Glioblastoma multiforme (GBM) is the most common form of brain cancer. The exact cause of GBM is not well understood. In this thesis, we tested whether germline genetic information could predict who will develop GBM and when will they develop it. We first extracted copy number variation (CNV) data from germline DNA in the peripheral blood samples of 8826 patients in the The Cancer Genome Atlas (TCGA) database. We compared that to 8338 patients in the database who did not develop GBM. We used several machine learning algorithms: deep learning, gradient boosting machine and random forest methods to test whether the germ line genetic data could predict who would develop GBM. The gradient boosting machine algorithm achieved the best results with an 0.82 AUC. We then used this gradient boosting method to test whether germ line DNA information could predict the age of diagnosis of GBM patients. We compared the correlation coefficient between the predicted age and actual age for GBM patients to the predicted correlation coefficient measured for randomized control groups and found a significantly better prediction in the GBM patient group (p-value 0.0004). These results suggest that who develops glioblastoma and when they are diagnosed with glioblastoma is influenced by germline genetics.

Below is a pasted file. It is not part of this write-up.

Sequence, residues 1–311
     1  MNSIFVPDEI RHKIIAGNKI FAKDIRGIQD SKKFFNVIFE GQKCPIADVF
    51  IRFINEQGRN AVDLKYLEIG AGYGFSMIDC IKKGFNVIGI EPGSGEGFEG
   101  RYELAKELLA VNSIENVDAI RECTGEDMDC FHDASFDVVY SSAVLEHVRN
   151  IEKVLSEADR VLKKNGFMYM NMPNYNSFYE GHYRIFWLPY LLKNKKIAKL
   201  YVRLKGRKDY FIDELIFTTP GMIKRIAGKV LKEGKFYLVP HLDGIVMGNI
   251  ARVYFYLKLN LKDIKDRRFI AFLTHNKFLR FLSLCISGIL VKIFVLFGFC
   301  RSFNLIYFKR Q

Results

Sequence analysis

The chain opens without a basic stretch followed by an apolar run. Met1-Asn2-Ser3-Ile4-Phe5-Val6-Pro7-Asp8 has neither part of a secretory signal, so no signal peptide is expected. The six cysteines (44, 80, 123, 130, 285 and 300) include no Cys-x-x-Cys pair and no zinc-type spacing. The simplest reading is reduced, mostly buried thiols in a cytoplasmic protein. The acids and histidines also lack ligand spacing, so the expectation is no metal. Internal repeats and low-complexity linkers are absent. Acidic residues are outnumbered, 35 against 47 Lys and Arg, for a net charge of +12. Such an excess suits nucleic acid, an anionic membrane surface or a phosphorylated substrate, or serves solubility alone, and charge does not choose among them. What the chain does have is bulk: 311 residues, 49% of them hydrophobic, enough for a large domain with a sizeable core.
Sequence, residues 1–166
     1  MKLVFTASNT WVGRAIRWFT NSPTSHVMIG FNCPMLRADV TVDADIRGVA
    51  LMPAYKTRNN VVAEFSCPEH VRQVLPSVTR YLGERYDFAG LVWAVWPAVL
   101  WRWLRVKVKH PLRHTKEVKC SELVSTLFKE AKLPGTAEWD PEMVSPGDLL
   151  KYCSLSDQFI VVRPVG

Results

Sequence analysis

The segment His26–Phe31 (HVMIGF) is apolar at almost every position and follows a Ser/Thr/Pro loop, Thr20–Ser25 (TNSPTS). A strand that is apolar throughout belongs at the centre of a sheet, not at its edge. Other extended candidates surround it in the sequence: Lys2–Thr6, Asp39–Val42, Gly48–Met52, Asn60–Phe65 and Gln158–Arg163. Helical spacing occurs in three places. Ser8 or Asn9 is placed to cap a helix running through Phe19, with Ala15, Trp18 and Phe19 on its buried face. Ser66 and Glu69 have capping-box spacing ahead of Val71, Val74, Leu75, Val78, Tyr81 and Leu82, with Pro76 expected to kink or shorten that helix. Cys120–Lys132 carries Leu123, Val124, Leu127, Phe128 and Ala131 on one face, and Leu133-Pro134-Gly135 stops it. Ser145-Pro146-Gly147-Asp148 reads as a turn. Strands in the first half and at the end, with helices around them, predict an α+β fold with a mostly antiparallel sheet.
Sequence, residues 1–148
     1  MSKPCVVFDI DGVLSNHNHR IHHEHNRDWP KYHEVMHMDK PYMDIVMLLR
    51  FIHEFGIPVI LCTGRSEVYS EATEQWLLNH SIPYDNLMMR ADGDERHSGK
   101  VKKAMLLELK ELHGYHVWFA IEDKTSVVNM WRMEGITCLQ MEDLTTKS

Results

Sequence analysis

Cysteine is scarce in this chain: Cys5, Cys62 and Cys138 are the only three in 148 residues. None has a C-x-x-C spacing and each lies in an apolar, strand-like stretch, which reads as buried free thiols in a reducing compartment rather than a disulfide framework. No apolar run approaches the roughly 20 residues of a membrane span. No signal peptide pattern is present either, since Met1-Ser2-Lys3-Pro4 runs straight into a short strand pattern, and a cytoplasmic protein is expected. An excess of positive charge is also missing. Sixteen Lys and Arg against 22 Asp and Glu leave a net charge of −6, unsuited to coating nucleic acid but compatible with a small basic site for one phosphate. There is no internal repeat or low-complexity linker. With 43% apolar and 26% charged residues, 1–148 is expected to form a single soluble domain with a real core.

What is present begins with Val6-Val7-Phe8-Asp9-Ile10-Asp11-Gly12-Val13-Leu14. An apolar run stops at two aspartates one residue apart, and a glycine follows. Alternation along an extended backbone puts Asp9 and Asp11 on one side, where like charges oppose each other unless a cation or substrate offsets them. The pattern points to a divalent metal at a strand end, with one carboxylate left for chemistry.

|Advisor:||Brody, James P.|
|Commitee:||Kruggel, Frithjof, Brewer, Gregory|
|School:||University of California, Irvine|
|Department:||Biomedical Engineering - M.S.|
|School Location:||United States -- California|
|Source:||MAI 81/1(E), Masters Abstracts International|
|Subjects:||Biomedical engineering, Oncology, Genetics|
|Keywords:||Glioblastoma multiforme, Brain cancer|
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